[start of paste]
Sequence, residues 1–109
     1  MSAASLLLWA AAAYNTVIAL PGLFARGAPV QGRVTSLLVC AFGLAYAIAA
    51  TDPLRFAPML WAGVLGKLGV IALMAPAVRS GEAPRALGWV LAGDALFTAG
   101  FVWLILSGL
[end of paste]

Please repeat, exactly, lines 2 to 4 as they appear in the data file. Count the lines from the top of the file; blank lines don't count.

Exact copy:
     1  MSAASLLLWA AAAYNTVIAL PGLFARGAPV QGRVTSLLVC AFGLAYAIAA
    51  TDPLRFAPML WAGVLGKLGV IALMAPAVRS GEAPRALGWV LAGDALFTAG
   101  FVWLILSGL